The Supreme Court's Hobby Lobby decision is not as controversial as some would suggest. (Mark Wilson / Getty Images)
The Fourth of July is a time of celebration in our country.
It’s a time for reflecting on the individual freedoms declared on our behalf by the brilliant founders of our country while we rejoice over the statement of independence and the Constitution that they crafted to ensure those rights.
Independence Day is a time for the expression of pride over American exceptionalism because no other country has ever accomplished what we have, especially in so short a time period as the 238 years we have been a nation.
Current events always shade the mood of our celebration, and this year’s could be cast as gray given what has been happening in Washington.
We enter this Independence Day weekend witnessing a president who has been trampling the constitution that guards individual freedom against the powerful fist of big government.
President Barack Obama has described the constitution as a document of “negative liberties,” and he’s right.
The founding document limits the rights of government to infringe on the freedom of individuals.
Our nation sits under that cloud on this Fourth of July, witnessing an unprecedented Washington quest for power and use of that clout to damage those who are viewed as enemies — translated; those who resist sublimation by the state.
It would be easy to allow feelings of depression to creep in during this special weekend at a time when our own government attempts to punish political opponents through use of the IRS, collect private, personal, information for who knows what use, and opens our borders through a complicit campaign to allow illegal immigrants to flood the country.
But before we allow dejection over current events to overwhelm us, it may be helpful to reflect on the small victories for the independence that we celebrate today.
This week brought a win for religious freedom when the Supreme Court ruled that individuals who run businesses can not be compelled to surrender their personal religion freedom simply because they own a company.
While statists decried the so-called Hobby Lobby ruling, claiming that corporations are simply an accumulation of capital and not people, it was an important victory for liberty tempered only by the fact that the ruling was not based on stronger grounds than a 5-4 ruling.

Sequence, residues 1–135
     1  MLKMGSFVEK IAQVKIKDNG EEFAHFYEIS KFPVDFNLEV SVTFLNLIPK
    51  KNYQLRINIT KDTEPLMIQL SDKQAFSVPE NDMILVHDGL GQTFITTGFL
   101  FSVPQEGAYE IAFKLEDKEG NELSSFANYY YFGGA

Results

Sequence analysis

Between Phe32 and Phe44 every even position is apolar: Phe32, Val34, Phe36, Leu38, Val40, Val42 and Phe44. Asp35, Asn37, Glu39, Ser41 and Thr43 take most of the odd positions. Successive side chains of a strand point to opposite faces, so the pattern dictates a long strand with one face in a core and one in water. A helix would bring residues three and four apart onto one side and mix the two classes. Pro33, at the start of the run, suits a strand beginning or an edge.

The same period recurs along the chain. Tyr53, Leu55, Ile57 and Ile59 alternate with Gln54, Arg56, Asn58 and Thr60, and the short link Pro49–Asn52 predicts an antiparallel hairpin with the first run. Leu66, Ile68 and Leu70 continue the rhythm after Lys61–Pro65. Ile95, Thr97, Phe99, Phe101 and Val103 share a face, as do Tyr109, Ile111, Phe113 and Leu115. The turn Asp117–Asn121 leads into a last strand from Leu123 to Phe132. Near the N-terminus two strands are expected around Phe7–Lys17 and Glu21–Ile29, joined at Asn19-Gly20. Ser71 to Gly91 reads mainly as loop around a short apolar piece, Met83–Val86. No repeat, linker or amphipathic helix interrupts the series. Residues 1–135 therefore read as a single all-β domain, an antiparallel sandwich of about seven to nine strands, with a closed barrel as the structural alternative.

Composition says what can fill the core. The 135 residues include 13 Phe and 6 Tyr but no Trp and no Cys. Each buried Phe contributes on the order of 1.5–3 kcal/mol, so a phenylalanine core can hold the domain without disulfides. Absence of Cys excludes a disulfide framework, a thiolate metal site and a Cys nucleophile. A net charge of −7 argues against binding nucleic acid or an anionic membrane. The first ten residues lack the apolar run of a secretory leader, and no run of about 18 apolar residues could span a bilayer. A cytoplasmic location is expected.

If a company owner can’t express his own constitutionally guaranteed religious freedom through corporate policy, then a newspaper, for example, can not claim the first amendment right of freedom from government control of speech.
Similarly, the Supreme Court outlawed the totalitarian tactic of forced unionization of home health care providers, who receive taxpayer funded assistance to care for family members in many cases.
Unions, through the complicity of politicians they helped elect, were skimming millions of dollars in dues from these Americans against their will.
Again, there’s the puzzle of why four members of the court would disagree that these individuals had the right to their own decision on such matters, but the overarching fact remains that they represented the minority.
But perhaps the most uplifting example of our American exceptionalism came on the local front this week out of the most tragic of circumstances.
When 44-year-old amateur soccer referee, John Bieniewicz, was assaulted and killed in Livonia by a player who disagreed with his on-field decisions during a meaningless recreation league game, the community reacted with outrage.
The suspect, from a team that carries the name Bint Jbeil — a Lebanese city controlled by the Hezbollah terrorist organization — allegedly sucker punched Bieniewicz, knocking him immediately unconscious with the blow that would result in the death of a 44-year-old father of two young boys, and a dialysis supervisor at Mott Children’s Hospital in Ann Arbor.
That suspect, Bassel Saad, then ran from the field and sped away in a car with a friend while others on the field attended to the stricken Bieniewicz, even to the point that another player, Henry Ford Hospital Doctor Jamal Saleh, administered CPR in efforts to revive the official.
Livonia police chief Curtis Caid says Saad turned and flipped his middle finger toward the field, showing no apparent remorse for the assault and no concern from the fallen Bieniewicz.
The referee was not a man of wealth and his friends immediately galvanized to begin a fundraising campaign to assist his family with funeral expenses and future college costs for Bieniewicz’s sons.
Organized by attorney James Acho, a campaign at the online FundMe site quickly raised over $75,000, mostly from complete strangers.
Huntington Bank boss Mike Fezzey, always ready to help in the community, added to the total with another campaign.
Local restaurateur Norm LePage dedicated a day of proceeds from one of his eateries.
And local soccer aficionado Roger Faulkner secured a $5,000 donation from the U.S. soccer federation.
One hopes the response helps to emphasize the overarching, optimistic message of Independence Day.
No matter how heavy the burden of despair over events that confront us, we remain Americans, committed to our freedoms and — more importantly — dedicated to each other in the common goal of protecting liberty for us all.
Happy Independence Day.
Frank Beckmann is host of “The Frank Beckmann Show” on WJR-AM (760) from 9 a.m. to noon Monday-Friday.